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Bitcoin Cash
Bitcoin Cash.png
Logo
Ticker symbol BCH[a]
Precision 10−8
Coins Unspent outputs of transactions[b]
Development
Implementation(s) BitcoinABC, Bitcoin Unlimited, Bitcoin XT
Forked from Bitcoin
Website bitcoincash.org
Ledger
Genesis block 3 January 2009 (9 years ago) (2009-01-03)[1]
Block #1 9 January 2009 (9 years ago) (2009-01-09)[2]
First block after split (block #478559) 1 August 2017 (13 months ago) (2017-08-01)
Timestamping scheme Proof-of-work (partial hash inversion)
Hash function SHA-256
Issuance decentralized, block reward
Block reward 12.5 BCH[c]
Block time 10 minutes
Block explorer blockchair.com/bitcoin-cash/blocks
Supply limit 21,000,000 BCH
Valuation
Exchange rate Decrease US$549.75 (as of 11 August 2018)[3]
Market cap Decrease US$9.50 billion (as of 11 August 2018)[3]
  1. ^ The code "BCC" is also used on several exchanges. BCC is more commonly used as the ticker symbol for Bitconnect.
  2. ^ any multiples of satoshi
  3. ^ from July 2016 to approximately June 2020, halved approximately every four years

Bitcoin Cash is a cryptocurrency.[4] In mid-2017, a group of developers wanting to increase bitcoin's block size limit prepared a code change. The change, called a hard fork, took effect on 1 August 2017. As a result, the bitcoin ledger called the blockchain and the cryptocurrency split in two.[5] At the time of the fork anyone owning bitcoin was also in possession of the same number of Bitcoin Cash units.[5]

Classification

Bitcoin Cash is a cryptocurrency[6] and a payment network.[7] In relation to bitcoin it is characterized variously as a spin-off,[6] a strand,[8] a product of a hard fork,[9] an offshoot,[10] a clone,[11] a second version[12] or an altcoin.[13]

History

Rising fees on the bitcoin network contributed to a push by some in the community to create a hard fork to increase the blocksize.[14] This push came to a head in July 2017 when some members of the Bitcoin community including Roger Ver felt that adopting BIP 91 without increasing the block-size limit favored people who wanted to treat Bitcoin as a digital investment rather than as a transactional currency.[15][16] This push by some to increase the block size met a resistance. Since its inception up to July 2017, bitcoin users had maintained a common set of rules for the cryptocurrency.[15] Eventually, a group of bitcoin activists,[12] investors, entrepreneurs, developers[15] and largely China based miners were unhappy with bitcoin's proposed SegWit improvement plans meant to increase capacity and pushed forward alternative plans for a split which created Bitcoin Cash.[11] The proposed split included a plan to increase the number of transactions its ledger can process by increasing the block size limit to eight megabytes.[15][16]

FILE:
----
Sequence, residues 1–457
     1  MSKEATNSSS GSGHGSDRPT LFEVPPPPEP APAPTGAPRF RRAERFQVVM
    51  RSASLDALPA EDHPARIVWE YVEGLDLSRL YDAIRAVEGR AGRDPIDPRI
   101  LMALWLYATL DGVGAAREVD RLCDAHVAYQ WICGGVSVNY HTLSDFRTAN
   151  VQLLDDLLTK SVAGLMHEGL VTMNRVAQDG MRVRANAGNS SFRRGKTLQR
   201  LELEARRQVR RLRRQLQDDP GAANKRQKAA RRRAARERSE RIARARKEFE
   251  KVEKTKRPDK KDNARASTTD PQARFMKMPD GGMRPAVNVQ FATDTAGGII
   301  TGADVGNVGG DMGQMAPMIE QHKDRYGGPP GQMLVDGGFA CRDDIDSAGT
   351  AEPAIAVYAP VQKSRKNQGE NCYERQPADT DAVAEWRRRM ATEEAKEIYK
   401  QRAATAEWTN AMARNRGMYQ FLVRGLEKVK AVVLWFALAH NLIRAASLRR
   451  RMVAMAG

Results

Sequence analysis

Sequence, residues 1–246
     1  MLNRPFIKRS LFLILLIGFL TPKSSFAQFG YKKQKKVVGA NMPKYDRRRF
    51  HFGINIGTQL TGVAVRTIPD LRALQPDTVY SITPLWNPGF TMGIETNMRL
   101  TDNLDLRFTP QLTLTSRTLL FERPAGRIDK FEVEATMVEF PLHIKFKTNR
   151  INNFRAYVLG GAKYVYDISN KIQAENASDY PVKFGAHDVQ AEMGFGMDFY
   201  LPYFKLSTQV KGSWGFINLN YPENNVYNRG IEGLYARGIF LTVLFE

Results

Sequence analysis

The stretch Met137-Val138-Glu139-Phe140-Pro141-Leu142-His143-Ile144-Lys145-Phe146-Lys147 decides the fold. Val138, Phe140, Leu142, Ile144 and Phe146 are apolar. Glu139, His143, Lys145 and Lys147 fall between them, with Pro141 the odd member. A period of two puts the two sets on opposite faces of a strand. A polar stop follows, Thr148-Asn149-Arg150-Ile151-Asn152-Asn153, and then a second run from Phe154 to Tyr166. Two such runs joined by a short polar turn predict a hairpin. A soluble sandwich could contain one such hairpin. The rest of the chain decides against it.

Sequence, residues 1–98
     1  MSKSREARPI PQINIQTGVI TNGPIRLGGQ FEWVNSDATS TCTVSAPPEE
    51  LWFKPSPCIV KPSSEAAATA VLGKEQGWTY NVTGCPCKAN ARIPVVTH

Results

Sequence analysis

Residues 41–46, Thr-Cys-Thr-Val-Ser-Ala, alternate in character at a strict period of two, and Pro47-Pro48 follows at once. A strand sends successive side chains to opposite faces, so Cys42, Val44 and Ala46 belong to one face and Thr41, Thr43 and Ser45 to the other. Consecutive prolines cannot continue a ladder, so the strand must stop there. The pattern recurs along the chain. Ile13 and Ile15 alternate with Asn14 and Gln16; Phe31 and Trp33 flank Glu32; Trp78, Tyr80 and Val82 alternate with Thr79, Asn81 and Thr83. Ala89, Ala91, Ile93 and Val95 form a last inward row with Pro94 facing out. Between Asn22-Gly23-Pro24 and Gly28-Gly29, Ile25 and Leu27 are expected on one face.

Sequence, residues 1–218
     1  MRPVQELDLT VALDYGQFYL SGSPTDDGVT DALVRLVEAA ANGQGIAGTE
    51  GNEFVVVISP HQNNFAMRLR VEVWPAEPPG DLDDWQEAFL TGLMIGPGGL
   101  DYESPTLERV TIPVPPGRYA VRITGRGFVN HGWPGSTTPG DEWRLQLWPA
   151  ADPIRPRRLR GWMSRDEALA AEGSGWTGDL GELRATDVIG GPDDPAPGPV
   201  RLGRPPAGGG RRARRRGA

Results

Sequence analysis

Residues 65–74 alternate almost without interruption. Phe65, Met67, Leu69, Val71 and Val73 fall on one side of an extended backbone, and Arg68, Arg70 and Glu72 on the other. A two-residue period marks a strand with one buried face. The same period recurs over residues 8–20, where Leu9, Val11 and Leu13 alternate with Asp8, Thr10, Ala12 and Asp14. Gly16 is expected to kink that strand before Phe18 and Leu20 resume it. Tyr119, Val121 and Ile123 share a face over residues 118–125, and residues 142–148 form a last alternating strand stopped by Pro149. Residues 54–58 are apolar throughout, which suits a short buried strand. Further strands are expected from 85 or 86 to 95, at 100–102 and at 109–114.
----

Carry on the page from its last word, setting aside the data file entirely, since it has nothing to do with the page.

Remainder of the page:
The would-be hard fork with an expanded block size limit was described by hardware manufacturer Bitmain in June 2017 as a "contingency plan" should the Bitcoin community decide to fork; the first implementation of the software was proposed under the name Bitcoin ABC at a conference that month. In July 2017, the Bitcoin Cash name was proposed by mining pool ViaBTC.

In 2018 Bitcoin Core developer Cory Fields found a bug in the Bitcoin ABC software that would have allowed an attacker to create a block causing a chain split. Fields notified the development team about it and the bug was fixed.[17]

The research firm Chainanalysis noted that in May 2018, 17 largest payment processing services such as BitPay, Coinify, and GoCoin processed Bitcoin Cash payments worth of US$3.7 million, down from US$10.5 million processed in March.[18]

Bitcoin Cash is also referred to as Bcash.[19]

Trading

Bitcoin Cash trades on digital currency exchanges including Bitstamp,[20] Coinbase,[21] Gemini,[22] Kraken,[23] and ShapeShift using the Bitcoin Cash name and the BCH ticker symbol for the cryptocurrency. A few other exchanges use the BCC ticker symbol, though BCC is commonly used for Bitconnect. On 26 March 2018, OKEx removed all Bitcoin Cash trading pairs except for BCH/BTC, BCH/ETH and BCH/USDT due to "inadequate liquidity".[6] As of May 2018, daily transaction numbers for Bitcoin Cash are about one-tenth of those of bitcoin.[6]